What attracted you to become a therapist?
Many factors. I have always been interested in health and wellbeing, whether it is physical, spiritual, mental or emotional. For me they are inextricably linked. Initially I trained as a beauty therapist and then as a nutritionist, but my own experience of therapy at certain times in my life was and is invaluable. Loss has been a big part of my journey and an eating disorder in my teens and 20s, but it was my experience of couple therapy that was ultimately the motivating factor. As I sat in the chair facing the therapist I just knew on a physical/sensation level that this was the work I also wanted to do. Not surprisingly relationship counselling, whether it is with individuals or couples, forms a large part of the work I currently do in my practice.
Where did you train?
At the CCPE, the Centre for Counselling and Psychotherapy Education in Little Venice, north west London
What sort of people do you usually see?
All sorts – that’s what makes counselling such an interesting and rewarding profession.
What do you like about being a therapist?
The variety. There is always more to learn and more ways to develop and deepen as a therapist. Seeing my clients ‘bloom’ as they discover more about themselves and risk bringing more of themselves to their relationships and their work.
What is less pleasant?
Feeling that you are not able to help. Sitting with someone in deep pain, sadness or despair and knowing that that is just where we both may need to be right now.
How long you’ve been with welldoing.org and what you think of us?
Eight months. I have received more clients, and clients who are keen to reflect upon themselves between sessions from welldoing.org than from the other counselling websites I am signed up with.
Have you used the booking and payment system? And how do you find that?
Yes and it was very straightforward.
Have you joined the welldoing.org Therapist Community on Facebook? If so, how did you find it?
Yes, but I find it hard to find the time to read the posts by the community and contribute. For me face-to-face peer groups work best plus my own supervision and therapy.
Have you tried the Calm mindfulness app offered to all our therapists?
Not yet but I have just downloaded it!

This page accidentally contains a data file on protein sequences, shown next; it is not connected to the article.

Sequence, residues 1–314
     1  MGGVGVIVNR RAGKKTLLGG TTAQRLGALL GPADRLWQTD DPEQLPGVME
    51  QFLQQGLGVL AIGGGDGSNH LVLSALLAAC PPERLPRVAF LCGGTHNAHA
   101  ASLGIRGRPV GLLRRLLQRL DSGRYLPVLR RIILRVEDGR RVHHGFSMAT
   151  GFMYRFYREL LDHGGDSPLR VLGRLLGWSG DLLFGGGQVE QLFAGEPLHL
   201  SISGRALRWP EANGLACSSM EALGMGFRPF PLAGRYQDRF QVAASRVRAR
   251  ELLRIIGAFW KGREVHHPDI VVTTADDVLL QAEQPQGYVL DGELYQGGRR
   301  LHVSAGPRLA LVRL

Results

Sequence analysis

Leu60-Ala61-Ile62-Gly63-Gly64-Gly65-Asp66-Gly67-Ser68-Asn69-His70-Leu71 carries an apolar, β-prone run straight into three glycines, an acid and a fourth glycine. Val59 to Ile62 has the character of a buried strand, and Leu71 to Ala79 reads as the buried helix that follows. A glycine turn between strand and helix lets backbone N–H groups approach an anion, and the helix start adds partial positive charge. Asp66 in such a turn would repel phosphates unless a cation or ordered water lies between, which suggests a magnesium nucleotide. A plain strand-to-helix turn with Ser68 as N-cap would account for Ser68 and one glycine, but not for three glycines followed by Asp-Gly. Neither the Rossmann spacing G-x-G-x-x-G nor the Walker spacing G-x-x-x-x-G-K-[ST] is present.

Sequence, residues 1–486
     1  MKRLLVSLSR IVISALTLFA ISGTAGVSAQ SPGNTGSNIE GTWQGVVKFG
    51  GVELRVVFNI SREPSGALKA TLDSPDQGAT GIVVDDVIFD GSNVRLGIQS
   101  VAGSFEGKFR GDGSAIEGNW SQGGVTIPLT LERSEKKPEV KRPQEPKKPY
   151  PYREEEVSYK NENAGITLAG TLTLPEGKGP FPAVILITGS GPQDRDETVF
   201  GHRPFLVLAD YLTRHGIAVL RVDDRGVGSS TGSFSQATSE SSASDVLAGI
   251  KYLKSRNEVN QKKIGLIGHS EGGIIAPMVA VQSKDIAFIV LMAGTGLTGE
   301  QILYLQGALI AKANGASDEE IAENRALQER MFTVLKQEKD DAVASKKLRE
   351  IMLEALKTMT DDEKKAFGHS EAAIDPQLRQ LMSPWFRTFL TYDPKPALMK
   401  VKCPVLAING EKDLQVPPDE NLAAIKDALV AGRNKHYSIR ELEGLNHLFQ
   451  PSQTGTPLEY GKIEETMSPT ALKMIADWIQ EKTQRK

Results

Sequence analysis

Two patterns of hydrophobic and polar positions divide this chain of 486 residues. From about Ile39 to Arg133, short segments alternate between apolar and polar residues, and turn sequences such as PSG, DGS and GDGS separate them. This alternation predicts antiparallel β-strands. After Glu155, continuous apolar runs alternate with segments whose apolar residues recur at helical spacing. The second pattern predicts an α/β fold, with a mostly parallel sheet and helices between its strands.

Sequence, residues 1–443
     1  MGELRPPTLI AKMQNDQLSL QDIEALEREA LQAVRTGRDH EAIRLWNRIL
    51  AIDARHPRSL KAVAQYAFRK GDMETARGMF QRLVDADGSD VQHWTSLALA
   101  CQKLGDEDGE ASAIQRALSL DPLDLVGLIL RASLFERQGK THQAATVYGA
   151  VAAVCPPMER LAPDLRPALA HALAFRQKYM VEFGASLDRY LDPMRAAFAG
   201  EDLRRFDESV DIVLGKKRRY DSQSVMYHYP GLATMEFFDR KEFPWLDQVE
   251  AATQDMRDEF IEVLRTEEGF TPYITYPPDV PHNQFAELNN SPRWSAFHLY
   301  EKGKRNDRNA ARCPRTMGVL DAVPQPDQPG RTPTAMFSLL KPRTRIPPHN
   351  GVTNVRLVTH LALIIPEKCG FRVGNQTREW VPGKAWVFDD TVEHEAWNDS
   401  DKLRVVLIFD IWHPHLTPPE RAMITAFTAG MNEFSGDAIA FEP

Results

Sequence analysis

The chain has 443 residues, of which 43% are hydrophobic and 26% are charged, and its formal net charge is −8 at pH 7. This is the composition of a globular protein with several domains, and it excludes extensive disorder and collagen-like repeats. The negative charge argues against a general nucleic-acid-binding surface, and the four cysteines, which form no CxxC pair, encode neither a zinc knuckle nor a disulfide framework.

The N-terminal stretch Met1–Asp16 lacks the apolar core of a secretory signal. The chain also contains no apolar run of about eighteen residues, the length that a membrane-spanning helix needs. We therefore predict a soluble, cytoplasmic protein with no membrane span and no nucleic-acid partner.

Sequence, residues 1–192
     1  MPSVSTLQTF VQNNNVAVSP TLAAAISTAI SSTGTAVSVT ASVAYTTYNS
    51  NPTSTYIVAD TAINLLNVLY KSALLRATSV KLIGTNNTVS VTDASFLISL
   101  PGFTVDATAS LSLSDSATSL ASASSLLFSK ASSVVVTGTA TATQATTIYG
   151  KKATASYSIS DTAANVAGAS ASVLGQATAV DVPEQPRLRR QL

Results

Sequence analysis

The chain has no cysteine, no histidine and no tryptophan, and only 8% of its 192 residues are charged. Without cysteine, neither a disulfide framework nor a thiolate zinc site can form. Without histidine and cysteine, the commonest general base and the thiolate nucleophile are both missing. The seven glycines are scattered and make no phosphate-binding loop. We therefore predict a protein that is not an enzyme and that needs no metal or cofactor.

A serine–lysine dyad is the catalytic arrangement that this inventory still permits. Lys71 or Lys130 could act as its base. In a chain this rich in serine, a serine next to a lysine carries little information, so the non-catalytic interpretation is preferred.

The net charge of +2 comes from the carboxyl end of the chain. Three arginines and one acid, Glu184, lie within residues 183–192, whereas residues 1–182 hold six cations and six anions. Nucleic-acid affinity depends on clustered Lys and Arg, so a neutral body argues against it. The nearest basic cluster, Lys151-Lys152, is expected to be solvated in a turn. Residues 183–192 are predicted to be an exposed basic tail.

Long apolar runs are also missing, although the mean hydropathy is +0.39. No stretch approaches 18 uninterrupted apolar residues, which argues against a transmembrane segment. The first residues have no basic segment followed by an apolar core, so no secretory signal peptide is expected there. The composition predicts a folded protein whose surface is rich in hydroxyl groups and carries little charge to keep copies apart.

Have your clients tried it?
Yes with good feedback, especially those with anxiety issues/sleeping difficulties.
Do you ever suggest books or apps to clients?
Yes. ‘How to be An Adult’ by David Richho is one of my favourite books on psychological and spiritual development and I recommend it a lot. I think psychoeducation is an important part of successful therapy and when I work with couples there are several books I might recommend for e.g. on improving communication skills and taking back projections.
What you do for your own mental health?
I meditate for 20-30 minutes every morning and try to incorporate aspects of mindfulness and gratitude practices into my day. I eat well, play tennis regularly and make time for my own interests and hobbies. I love music and nature and for me they are two of the best healers.
You offer therapy in Willesden Green. What can you tell us about the areas you practice in?
Relationships are the main focus of my work. At the moment a large proportion of my work is with young women who have been through a difficult relationship break up or are having difficulty ‘staying’ in a current relationship. Working through loss and abandonment issues is I think a key aspect of therapy.
What’s your consultation room like?
I hope my consultation rooms feels like a safe oasis of calm. I always have fresh flowers and one or two plants. It is spacious with chairs that clients can lean back in.
I have pictures, crystals, and a candle so my room does also reflect my personality and the way I work.
What do you wish people knew about therapy?
That it is an opportunity to learn more about yourself and build a more honest relationship with yourself. That it can transform you into a more ‘spacious’ and resilient person.
What did you learn about yourself in therapy?
I have had different therapists at different times of my life from 28 to my current 54 years of age. Now I am older and a qualified therapist I find therapy helpful in supporting me as I support my clients and it is always a good reminder of what it feels like to be a client. When I was younger I needed to fully feel my grief and sadness at losing my mother, rather than binge and purge through an eating disorder. I was very lonely in my 20s and I often wonder what it would have been like to have had therapy then rather than struggle on my own until I discovered therapy at age 28 when I went to university as a mature student. In my late 30s and early 40s I needed to work through my co-dependency issues. We are always in the process of becoming whatever age or stage of life we are. The learning and growing never stops especially when you believe as I do that the psychological and spiritual are constantly requiring us to spiral upwards and downwards.